New social distancing rules can also create practical problems for the deaf and blind populations. “There are individuals with disabilities that also rely on guides or job coaches to help them understand their job responsibilities,” Ms. Willenbrock said. “This definitely creates a challenge for vocational rehabilitation, employment agencies and employers.”
A lack of access to vital information about Covid-19 is also a concern. According to Ms. Willenbrock, not being able to meet with a counselor in person can create anxiety and depression in people with severe expressive and receptive communication barriers.
“The challenge is getting a sign language interpreter to be present on Zoom and making sure that the captions work,” she said.
Sign language interpreters are among a growing group of essential workers during the pandemic, often called on to stand beside officials communicating vital information on television and in internet livestreams. But they are not everywhere.
Zoom meetings and FaceTime chats have largely replaced in-person gatherings and social events for the deaf and blind, who are subject to the same lockdown and shelter-in-place orders as everyone else. Ms. Hayes, who uses pro-tactile American Sign Language, a form of A.S.L. that relies on physical touch between people communicating, said she was recently on a Zoom call with black interpreters that had over 200 people.
“These platforms allow us to be semi-connected to each other still, and that is a huge thing to be grateful for,” she said. “I couldn’t imagine this pandemic happening without these resources.” Roberta J. Cordano, president of Gallaudet University, a liberal arts university for the deaf in Washington, said it was time for the United States to rethink the way it responds to crises.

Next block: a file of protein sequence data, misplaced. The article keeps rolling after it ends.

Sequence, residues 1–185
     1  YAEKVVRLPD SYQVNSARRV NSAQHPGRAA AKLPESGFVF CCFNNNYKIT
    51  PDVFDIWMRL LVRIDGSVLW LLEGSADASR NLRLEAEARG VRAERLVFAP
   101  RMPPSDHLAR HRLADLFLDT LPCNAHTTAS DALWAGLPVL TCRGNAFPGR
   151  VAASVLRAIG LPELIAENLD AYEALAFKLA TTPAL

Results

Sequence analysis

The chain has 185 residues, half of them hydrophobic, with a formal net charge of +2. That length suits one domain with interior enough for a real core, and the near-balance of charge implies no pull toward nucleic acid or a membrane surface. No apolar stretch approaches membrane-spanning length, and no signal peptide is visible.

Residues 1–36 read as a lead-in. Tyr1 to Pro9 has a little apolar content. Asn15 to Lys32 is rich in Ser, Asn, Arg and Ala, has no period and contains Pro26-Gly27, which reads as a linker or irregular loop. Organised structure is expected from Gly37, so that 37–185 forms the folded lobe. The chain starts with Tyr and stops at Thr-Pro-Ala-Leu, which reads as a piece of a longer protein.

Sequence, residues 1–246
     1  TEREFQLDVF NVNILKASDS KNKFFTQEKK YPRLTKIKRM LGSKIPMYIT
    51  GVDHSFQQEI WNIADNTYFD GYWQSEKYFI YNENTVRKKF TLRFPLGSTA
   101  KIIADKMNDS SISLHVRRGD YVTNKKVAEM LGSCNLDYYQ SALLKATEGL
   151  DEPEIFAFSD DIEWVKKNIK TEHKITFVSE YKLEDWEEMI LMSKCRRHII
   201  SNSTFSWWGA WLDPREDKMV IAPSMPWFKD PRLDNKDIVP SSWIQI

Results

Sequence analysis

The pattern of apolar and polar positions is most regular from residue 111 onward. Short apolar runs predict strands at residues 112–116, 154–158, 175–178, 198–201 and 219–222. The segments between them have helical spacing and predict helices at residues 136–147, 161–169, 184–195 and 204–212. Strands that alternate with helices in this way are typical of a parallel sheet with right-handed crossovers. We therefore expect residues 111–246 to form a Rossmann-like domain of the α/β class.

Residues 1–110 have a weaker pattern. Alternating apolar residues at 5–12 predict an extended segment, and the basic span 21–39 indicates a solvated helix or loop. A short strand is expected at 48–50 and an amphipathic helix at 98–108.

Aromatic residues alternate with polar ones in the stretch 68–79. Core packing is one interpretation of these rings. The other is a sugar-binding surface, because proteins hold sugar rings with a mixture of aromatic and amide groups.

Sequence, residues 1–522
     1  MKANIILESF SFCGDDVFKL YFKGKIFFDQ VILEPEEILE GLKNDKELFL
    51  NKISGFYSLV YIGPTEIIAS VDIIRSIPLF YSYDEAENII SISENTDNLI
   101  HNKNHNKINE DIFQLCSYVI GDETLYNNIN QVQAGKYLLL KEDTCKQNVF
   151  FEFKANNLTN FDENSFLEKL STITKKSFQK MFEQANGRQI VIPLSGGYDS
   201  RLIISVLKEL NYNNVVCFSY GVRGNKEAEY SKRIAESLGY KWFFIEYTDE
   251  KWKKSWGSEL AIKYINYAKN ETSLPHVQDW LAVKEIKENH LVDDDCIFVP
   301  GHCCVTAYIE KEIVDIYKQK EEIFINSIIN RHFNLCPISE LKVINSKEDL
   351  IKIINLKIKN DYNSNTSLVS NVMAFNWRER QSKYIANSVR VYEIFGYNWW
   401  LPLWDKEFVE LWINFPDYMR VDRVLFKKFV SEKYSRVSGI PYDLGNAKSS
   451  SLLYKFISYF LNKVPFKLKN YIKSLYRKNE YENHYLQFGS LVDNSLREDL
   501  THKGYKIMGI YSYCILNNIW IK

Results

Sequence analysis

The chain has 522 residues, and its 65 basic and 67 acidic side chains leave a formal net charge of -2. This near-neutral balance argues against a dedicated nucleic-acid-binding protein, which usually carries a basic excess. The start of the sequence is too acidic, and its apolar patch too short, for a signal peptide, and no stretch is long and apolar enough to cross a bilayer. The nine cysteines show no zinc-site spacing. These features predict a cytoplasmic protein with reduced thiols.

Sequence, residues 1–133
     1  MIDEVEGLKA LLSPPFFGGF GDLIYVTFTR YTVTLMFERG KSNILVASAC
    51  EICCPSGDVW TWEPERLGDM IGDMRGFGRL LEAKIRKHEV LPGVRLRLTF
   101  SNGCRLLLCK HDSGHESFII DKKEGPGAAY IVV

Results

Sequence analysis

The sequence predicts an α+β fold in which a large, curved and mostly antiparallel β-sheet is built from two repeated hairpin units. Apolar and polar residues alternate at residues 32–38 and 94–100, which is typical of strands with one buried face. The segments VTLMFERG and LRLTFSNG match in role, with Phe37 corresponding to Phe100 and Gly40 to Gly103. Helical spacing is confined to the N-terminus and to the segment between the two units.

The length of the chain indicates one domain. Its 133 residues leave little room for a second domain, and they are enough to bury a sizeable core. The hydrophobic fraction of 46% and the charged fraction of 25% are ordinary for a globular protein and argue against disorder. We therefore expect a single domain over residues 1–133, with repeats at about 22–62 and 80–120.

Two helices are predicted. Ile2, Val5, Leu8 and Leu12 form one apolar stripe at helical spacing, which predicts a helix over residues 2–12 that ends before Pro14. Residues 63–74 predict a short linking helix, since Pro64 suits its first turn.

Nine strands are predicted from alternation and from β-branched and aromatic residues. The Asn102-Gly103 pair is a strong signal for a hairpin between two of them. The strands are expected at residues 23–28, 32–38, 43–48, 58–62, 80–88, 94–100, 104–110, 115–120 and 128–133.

“We must reimagine our world to consider, to include our deaf community first, not after,” she said, urging improvements in education equity, health equity, employment and retraining, and support for deaf entrepreneurs and researchers.
As the number of coronavirus cases in America begins to slow and states gradually begin to reopen with restrictions, there is work to be done to protect deaf and blind people, like requiring the use of certified deaf interpreters and sign language interpreters for all public service announcements and rethinking the current one-size-fits-all definition of social distancing, Ms. Cordano said.
“The ‘two adults, six feet apart’ standard carries its own inherent bias, assuming all those social distancing are the same: that they are hearing, seeing and without any need of support,” Ms. Cordano said.
She added that a significant portion of the American population, including young children, older adults, deaf-blind people and other people with disabilities, need people in proximity for their safety and well-being. As leaders begin to navigate a world already forcefully reshaped by the pandemic, Ms. Cordano said it was important that deaf-blind people “have a seat at the table on policy and design.”
“Because our daily lives have always required us to adapt continuously, we have the natural skill, energy and commitment to adapt when a large-scale crisis hits,” she said. “It’s in our DNA to adapt and innovate.”
Original Article Appears The New York Times